April 21, 2014 by: Ben Heimsath

If you don't already know of one, there's a good chance you'll be seeing an abandoned church sometime soon.  Last year, I noted that experts in historic preservation convened a conference in New York to begin examining this growing phenomenon.  Many older cities, experiencing population declines, have become painfully aware of the loss of their major landmarks.  As congregations either move away or close down, older, often gorgeously adorned edifices are being lost to the wrecking ball.  

But this isn’t just a rustbelt issue.  With major shifts in population demographics, many communities here in Texas are experiencing church closures.  In my blogpost about the church preservation conference, I mentioned how important it is to find new, appropriate, and creative uses to preserve these special structures.  So I was particularly impressed by photos of an exciting church reuse, of all places, in Morocco, Africa.Church ReUse Casablanca resized 600

The old basilica church, Sacre-Coeur Cathedral in Casablanca, has, at least temporarily, been given an amazing new use by light artist Miguel Chevalier.  The interactive installation spreads a magical carpet of light on the floor of what once was the central nave.  Visitors are invited to engage with the changing patterns of colored pixels, swirls and grids.  Though decidedly not a liturgical activity, it appears from the video below that people are genuinely engaged with the space.  The soaring vertical room is re-energized by the playground of colors and textures covering the floor.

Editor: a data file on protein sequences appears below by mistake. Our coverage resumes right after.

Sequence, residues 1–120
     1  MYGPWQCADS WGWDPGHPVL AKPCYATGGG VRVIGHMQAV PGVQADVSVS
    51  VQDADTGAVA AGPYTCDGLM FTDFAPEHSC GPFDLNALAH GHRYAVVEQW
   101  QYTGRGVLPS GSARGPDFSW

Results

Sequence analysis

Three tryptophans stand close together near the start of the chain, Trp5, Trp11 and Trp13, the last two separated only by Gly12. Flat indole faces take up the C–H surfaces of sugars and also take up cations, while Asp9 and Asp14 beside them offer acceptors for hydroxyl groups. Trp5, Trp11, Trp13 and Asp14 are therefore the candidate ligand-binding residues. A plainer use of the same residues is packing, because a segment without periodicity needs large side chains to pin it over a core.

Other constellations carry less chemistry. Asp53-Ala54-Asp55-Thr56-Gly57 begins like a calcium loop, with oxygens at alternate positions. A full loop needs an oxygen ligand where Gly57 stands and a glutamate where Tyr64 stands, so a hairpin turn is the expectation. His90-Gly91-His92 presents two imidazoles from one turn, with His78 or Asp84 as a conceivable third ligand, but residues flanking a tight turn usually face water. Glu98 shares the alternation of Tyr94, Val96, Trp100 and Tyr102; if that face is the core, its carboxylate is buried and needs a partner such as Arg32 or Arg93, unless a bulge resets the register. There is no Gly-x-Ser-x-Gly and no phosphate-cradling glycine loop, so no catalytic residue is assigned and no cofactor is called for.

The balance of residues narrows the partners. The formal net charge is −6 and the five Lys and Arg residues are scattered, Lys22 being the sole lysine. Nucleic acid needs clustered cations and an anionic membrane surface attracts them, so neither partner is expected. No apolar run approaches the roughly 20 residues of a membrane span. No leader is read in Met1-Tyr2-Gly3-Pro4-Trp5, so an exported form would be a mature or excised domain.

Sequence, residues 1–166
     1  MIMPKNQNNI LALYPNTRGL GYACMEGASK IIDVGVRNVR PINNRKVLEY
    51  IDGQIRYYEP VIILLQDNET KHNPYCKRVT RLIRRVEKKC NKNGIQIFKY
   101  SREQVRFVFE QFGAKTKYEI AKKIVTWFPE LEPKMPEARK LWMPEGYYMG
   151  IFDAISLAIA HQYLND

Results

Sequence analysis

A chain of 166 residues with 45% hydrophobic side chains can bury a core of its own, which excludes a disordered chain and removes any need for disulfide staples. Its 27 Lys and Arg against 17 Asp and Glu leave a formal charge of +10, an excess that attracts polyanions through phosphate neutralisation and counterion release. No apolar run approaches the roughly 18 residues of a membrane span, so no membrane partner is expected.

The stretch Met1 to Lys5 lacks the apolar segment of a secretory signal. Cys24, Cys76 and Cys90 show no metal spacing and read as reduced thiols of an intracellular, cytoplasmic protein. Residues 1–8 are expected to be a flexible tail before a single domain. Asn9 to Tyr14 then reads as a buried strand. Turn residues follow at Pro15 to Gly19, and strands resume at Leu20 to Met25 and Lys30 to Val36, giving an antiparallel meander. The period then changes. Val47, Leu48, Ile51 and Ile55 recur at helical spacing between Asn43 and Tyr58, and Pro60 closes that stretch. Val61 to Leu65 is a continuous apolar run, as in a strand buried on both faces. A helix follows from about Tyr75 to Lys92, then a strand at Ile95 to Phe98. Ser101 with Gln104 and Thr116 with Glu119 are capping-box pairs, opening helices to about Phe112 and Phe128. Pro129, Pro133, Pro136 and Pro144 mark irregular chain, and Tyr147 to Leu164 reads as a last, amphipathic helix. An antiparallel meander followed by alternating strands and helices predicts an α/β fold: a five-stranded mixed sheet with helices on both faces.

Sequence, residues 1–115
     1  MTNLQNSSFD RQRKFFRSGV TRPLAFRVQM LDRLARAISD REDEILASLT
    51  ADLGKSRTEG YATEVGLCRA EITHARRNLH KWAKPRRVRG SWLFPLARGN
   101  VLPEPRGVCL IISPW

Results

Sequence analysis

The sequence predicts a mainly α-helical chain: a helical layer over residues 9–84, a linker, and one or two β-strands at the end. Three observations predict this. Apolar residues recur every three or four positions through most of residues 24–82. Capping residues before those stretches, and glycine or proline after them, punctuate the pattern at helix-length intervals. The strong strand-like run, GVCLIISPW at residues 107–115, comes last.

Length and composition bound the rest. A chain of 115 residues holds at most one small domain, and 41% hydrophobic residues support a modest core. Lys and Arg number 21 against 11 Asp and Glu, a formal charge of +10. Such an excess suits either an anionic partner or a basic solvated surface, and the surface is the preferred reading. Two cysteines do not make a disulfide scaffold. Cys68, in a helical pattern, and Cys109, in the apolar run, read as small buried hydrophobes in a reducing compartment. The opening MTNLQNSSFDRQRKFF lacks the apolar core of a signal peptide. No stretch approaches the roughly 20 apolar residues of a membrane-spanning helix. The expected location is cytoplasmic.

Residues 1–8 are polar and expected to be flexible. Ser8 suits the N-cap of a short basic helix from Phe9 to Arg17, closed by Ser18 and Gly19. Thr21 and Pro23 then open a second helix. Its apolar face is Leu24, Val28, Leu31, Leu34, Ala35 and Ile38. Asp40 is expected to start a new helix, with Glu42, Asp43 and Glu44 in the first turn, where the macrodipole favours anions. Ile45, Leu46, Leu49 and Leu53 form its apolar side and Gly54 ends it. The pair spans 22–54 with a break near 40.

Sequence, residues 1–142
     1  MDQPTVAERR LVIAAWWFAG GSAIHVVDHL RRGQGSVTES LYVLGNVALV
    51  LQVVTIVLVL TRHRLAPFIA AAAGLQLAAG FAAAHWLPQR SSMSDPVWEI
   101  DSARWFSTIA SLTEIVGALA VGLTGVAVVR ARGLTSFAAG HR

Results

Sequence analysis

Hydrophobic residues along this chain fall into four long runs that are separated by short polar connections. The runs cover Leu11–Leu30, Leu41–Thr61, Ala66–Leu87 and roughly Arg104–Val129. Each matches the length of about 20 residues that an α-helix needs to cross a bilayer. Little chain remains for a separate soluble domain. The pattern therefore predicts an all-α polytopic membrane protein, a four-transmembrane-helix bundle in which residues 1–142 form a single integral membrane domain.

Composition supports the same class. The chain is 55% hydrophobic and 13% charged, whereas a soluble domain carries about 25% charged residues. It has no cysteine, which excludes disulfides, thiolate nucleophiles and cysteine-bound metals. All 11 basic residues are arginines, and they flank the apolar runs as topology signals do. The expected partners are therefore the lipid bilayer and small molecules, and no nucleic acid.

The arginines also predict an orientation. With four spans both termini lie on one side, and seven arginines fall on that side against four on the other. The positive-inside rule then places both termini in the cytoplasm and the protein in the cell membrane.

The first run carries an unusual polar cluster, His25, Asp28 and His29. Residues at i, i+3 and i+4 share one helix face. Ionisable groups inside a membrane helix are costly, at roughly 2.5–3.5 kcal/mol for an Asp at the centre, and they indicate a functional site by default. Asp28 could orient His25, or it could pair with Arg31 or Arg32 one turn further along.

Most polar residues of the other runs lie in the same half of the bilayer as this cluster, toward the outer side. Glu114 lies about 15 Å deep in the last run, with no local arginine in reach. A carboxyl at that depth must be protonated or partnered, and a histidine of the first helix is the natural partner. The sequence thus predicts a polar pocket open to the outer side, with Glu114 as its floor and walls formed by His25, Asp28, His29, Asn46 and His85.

Miguel CHEVALIER Tapis magiques 2014 Casablanca (Version courte) from Claude Mossessian on Vimeo.

According to one travel site, the cathedral has been in disuse for many years, a remnant from the days when Morocco was a colony of France.  The church was constructed in a modernist style, mostly of cast concrete by French architect Paul Tournon in 1930.  Though stripped of its liturgical elements, the shape and volume of the space mark this as an unmistakable worship environment.   

Spots of color from the large walls of stained glass appear to be the only distinctively church-related element that remains.  The windows, however, work surprisingly well with the colored light installation.  One important aspect of a successful church re-use has to be compatibility with the original church design.  The sensitivity of the artist, Miguel Chevalier, is in evidence as the church volume, the stained glass, and the light show all work together beautifully.  

The art world, at least, as taken notice.  The website, Designboom has a nice writeup.  But don’t think that lights alone will successfully salvage every old church.  As I’ve mentioned many times, re-using an old church is never easy.  When someone's work is as successful and beautiful as Chevalier's, it is worth taking notice.



Worship Space/ Sacred Architecture/ Adaptive Re-use/ Historic Preservation